Whistler, British Columbia
I recently had the very good fortune to tag along to a conference that my husband was attending in Whistler, British Columbia. He sat through seminars. I sat at the pool. He listened to speakers. I listened to the lounge singer. He sipped stale coffee. I sipped White Cranberry Cosmopolitans.
Olympians, Actors and Astronauts
I would meet Jim briefly between seminars and he would tell me about the keynote speakers. Without fail, the speakers would be phenomenally accomplished. (That morning the speaker was an Olympic medalist.) Jim attends many conferences internationally, and has listened to many men and women speak about their incredible careers and stunning life experiences. To say these people have accomplished "phenomenal" things is almost an insulting understatement. He has had the privilege of hearing Olympians, actors and even astronauts give motivational speeches.
These speakers are contracted to inspire and challenge others to greatness. They serve as role models and they share their secrets so others can experience similar sensational success. This is the purpose of motivational speakers.
In Defense of Mediocrity
I was talking to Jim during one of his breaks between seminars (I was on a break between a manicure and a nap.) He sat, somewhat slump-shouldered, and admitted to feeling rather under-accomplished in the presence of such magnificence. He declared that he was going to give a Ted Talk “In Defense of Mediocrity.” He thought that surely, there was merit in sitting on the couch. In defense of my husband, he works very hard, running a family in Washington and a software company in Canada. He is no couch slouch. However, in comparison to the Olympian, the actor and the astronaut, he lacks “bling”.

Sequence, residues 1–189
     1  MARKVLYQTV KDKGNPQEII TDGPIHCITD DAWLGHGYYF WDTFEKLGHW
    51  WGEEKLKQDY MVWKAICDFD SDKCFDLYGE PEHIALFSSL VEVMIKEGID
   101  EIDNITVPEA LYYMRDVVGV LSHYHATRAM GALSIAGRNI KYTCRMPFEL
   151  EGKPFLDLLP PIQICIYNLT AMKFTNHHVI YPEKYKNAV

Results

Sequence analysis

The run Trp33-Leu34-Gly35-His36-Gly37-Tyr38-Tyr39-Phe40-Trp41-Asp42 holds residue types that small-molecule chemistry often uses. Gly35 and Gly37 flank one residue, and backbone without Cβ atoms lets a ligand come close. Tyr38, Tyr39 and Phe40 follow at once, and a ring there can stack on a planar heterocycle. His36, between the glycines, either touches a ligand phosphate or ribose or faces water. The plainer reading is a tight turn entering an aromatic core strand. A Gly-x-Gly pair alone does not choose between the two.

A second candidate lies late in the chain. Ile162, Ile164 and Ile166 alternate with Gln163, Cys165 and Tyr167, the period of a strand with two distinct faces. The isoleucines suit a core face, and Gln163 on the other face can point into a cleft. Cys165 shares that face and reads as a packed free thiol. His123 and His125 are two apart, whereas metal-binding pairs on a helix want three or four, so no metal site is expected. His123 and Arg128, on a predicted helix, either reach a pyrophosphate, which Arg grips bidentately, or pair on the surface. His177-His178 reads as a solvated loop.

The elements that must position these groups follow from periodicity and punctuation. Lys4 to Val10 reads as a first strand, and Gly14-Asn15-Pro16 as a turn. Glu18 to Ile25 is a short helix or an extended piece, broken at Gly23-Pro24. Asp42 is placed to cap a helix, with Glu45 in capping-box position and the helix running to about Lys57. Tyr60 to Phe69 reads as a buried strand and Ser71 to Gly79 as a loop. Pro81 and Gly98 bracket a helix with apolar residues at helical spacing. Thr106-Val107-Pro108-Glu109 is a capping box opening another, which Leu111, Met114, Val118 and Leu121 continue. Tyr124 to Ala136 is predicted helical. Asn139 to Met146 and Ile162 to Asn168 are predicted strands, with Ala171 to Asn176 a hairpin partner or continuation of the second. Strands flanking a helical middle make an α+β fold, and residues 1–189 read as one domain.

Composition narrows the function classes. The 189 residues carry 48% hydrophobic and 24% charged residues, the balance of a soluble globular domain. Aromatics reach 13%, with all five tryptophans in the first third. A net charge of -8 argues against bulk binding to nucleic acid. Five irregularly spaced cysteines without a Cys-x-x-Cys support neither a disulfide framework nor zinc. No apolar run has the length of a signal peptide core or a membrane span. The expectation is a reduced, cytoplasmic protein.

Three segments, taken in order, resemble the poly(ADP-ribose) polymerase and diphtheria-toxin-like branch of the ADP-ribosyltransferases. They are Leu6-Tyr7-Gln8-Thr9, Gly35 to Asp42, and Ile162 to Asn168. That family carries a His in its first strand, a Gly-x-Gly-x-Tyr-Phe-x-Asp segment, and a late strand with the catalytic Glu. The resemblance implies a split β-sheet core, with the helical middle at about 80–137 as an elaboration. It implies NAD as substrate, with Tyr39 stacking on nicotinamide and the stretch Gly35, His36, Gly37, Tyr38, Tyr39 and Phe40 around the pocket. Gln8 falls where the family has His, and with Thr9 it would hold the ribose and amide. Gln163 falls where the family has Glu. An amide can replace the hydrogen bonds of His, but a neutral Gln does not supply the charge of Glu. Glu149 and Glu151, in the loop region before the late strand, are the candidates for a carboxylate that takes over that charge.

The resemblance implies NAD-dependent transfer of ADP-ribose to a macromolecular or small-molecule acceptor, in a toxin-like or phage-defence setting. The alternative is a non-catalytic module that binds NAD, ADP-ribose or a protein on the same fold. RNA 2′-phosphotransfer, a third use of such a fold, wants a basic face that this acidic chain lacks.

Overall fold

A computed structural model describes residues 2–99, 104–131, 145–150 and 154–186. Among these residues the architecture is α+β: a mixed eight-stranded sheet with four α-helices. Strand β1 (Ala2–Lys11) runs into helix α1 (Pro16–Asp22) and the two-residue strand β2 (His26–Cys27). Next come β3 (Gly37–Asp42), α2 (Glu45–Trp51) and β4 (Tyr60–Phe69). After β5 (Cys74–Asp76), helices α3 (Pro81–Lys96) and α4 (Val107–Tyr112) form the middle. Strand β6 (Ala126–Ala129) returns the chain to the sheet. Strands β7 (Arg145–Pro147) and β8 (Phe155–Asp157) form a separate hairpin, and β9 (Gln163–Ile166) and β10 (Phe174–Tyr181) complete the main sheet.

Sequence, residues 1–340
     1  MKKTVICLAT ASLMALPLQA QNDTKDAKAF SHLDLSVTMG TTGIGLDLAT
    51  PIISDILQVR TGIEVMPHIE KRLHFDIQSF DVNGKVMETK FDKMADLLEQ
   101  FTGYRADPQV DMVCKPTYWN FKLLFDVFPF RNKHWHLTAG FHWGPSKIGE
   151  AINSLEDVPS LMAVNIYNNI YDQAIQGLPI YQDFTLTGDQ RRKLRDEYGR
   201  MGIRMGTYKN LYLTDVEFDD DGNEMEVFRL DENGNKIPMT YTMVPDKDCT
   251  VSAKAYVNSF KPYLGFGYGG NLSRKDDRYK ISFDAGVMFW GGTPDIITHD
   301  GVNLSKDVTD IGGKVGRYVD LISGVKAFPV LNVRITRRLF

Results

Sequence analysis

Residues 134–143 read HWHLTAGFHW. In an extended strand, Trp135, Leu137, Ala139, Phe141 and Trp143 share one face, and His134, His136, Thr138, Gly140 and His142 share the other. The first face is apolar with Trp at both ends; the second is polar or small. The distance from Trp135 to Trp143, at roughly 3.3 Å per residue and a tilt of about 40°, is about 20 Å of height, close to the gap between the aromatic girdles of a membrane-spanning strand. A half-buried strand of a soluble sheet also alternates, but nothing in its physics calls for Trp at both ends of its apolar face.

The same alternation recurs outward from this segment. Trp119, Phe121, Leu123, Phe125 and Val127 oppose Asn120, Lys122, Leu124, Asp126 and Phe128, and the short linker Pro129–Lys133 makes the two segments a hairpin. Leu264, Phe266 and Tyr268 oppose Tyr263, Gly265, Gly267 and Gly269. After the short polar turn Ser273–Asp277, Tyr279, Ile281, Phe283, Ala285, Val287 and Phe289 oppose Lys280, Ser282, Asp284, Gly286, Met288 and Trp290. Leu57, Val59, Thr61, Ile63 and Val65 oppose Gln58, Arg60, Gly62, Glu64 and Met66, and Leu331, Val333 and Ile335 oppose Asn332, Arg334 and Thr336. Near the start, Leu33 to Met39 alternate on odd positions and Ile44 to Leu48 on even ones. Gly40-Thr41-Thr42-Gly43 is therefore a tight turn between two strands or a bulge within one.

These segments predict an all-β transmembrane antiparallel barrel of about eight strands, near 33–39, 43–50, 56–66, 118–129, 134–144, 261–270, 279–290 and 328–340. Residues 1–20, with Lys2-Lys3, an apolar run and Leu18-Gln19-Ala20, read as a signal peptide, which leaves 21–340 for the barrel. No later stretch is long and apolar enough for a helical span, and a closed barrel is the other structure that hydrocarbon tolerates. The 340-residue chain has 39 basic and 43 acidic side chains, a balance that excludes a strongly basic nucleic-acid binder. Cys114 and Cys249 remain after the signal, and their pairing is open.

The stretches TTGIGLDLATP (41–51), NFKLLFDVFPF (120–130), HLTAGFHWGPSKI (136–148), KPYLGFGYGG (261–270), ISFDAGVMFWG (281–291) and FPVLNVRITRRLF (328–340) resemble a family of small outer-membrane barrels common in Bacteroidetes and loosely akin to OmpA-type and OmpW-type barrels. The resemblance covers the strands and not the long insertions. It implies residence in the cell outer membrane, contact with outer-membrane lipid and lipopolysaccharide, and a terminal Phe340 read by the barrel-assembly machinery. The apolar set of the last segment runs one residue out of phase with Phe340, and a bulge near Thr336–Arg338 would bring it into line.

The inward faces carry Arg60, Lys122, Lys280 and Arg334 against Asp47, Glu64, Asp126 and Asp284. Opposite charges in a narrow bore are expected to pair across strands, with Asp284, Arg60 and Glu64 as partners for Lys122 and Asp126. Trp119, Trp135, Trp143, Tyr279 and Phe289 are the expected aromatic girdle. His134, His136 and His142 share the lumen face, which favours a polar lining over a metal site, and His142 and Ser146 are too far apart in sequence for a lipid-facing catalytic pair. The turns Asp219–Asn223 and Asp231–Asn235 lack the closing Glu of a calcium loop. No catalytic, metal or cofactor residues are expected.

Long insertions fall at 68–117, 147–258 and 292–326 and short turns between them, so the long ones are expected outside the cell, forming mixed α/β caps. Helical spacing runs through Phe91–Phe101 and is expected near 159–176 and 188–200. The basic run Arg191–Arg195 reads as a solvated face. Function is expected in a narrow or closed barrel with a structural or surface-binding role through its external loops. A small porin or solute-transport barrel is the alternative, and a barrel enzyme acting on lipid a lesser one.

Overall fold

His words rang in my ears, “in defense of mediocrity.” I couldn’t stop thinking about them. In fact, I thought about them during my entire massage later that afternoon. Here’s what I think: Jim is a dedicated father, an unflagging provider, an innovative executive, and a generous companion. Being a dad generally lacks “bling” - in fact, one gets grubby, bruised and sometimes has egg on his face. The best provider experiences ups and downs and turns in the market. The most innovative executive has challenges meeting the needs of demanding clients, and a man’s companion is not always as generous as he.
Lacking loads of "bling", however, does not make Jim mediocre. He is exceptional at balance. An Olympic athlete does not earn a medal by splitting his time between watching the kids and training at an elite level. An astronaut can’t always be a generous companion, putting his partner’s needs ahead of his trips to space.
People with phenomenal accomplishments are often single-minded and of single-purpose. Their entire lives are dedicated to reaching that pinnacle. They have to be.
Jim rarely misses his son’s hockey games. He has grown his software company from employing two people to providing 25 people with secure, gainful employment. He has forfeited his comfort and security, enabling me to pursue a dream. I’m not seeing any mediocrity in that picture.
I think he’d better get busy with that Ted Talk. There are lots of conference attendees needing perspective: they need to hear how sensational they are. He'd better think of a new title, though.